Nigerian forces have announced that a recent airstrike against Boko Haram have left a number of top leaders of the terrorist group dead or fatally wounded. Among them is Abubakar Shekau, infamous head of Boko Haram.
This isn't the first time Nigerian forces have claimed to kill Shekau, however.
The latest airstrikes were carried out in the Sambisa Forest in the northeastern part of the country, where the fighters had evidently gathered for some sort of ceremony, according to Ahmed Idris, a reporter for Al Jazeera.
The 270 Chibok girls were kidnapped from their schools in April of 2014. A recent video of some of the girls confirmed they were with Shekau's faction, as The Christian Science Monitor previously reported.
Col. Sani Kukasheka Usman, a spokesman for the Nigerian Army, said that among the dead were multiple Boko Haram commanders, including Abubakar Mubi, Malam Nuhu and Malam Hamman.
"Their leader, so-called 'Abubakar Shekau', is believed to be fatally wounded on his shoulders," Usman said in a statement, according to Reuters. It is unknown how the army was able to confirm the deaths of the Boko Haram commanders.
This is not the first time Nigerian forces have claimed to have killed Shekau. There have been at least three reports of his death, with some sources citing up to five previous death announcements, according to the BBC. Each time, Shekau has turned up in videos, apparently alive and well, after each announcement.
But the context surrounding Shekau has shifted this time, however. The formerly undisputed leader of the terrorist group was recently replaced with more ISIS-friendly leadership a year after the group pledged its allegiance to the Syrian-based group and changed its name to ISWAP. Shekau, who seems to have favored a more independent vision of Boko Haram, seems to be in charge of only small group of fighters who still refer to themselves by their original name.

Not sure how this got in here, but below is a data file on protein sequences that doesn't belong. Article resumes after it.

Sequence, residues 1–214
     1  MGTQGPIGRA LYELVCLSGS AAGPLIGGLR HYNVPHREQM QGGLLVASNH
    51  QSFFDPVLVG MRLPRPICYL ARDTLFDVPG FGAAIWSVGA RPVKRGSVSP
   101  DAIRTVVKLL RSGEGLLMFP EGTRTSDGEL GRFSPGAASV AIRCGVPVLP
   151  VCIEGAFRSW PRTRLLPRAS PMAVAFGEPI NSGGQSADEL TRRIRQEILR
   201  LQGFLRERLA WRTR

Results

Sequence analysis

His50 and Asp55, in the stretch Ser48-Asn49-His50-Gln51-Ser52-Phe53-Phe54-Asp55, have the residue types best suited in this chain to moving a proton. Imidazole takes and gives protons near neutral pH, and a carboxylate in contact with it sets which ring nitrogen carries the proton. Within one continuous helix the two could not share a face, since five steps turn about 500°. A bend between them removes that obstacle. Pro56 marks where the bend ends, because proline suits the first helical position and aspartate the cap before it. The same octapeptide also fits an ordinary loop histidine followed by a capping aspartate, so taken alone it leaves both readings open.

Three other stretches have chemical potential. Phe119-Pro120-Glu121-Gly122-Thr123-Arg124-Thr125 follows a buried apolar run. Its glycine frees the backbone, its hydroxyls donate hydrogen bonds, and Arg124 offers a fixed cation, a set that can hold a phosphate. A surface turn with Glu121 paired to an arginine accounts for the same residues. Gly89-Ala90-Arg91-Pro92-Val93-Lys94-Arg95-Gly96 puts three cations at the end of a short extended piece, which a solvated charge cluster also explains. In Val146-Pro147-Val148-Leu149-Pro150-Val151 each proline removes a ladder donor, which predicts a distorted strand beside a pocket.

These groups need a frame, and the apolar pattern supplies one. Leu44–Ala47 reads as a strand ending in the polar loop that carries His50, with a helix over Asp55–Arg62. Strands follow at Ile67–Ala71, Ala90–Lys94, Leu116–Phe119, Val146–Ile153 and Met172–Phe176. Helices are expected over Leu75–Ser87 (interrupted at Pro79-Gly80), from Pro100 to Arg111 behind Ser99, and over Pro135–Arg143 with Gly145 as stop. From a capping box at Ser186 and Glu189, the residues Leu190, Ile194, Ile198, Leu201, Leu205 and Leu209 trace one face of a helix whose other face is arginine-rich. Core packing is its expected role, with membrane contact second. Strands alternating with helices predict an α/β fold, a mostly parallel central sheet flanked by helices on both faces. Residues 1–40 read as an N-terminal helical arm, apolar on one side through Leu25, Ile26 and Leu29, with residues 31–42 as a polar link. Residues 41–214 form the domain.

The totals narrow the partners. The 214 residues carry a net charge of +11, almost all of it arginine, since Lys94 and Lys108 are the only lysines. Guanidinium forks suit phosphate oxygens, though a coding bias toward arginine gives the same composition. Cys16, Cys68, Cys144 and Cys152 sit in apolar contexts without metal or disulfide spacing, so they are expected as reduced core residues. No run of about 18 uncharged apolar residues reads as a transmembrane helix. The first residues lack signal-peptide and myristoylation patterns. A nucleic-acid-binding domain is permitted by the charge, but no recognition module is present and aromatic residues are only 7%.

Observers don't expect confirmation of Shekau's death from the terrorist group, which only communicates in periodic videos sent to the media.
The reports of the airstrike came as US Secretary of State John Kerry arrived in Nigeria for talks with state officials about the problem of fighting Boko Haram.
The Nigerian government has expressed a desire for the US to sell it military aircraft to assist in the fight against the terrorist group. However, the US withdrew military support from the previous Nigerian government, under Goodluck Jonathan, over concerns about a poor human rights record. The new president, Muhammadu Buhari, is expected to argue that his human rights record has improved enough for the US military to do business with, according to Reuters. In May, US officials told Reuters that the US was willing to sell up to 12 A-29 Super Tucano light attack aircraft to Nigeria. The US Congress has yet to approve the sale, however.
Whether reports of the airstrike are exaggerated or not, it's likely to be an important topic of conversation for Mr. Kerry and his staff during the Nigeria visit.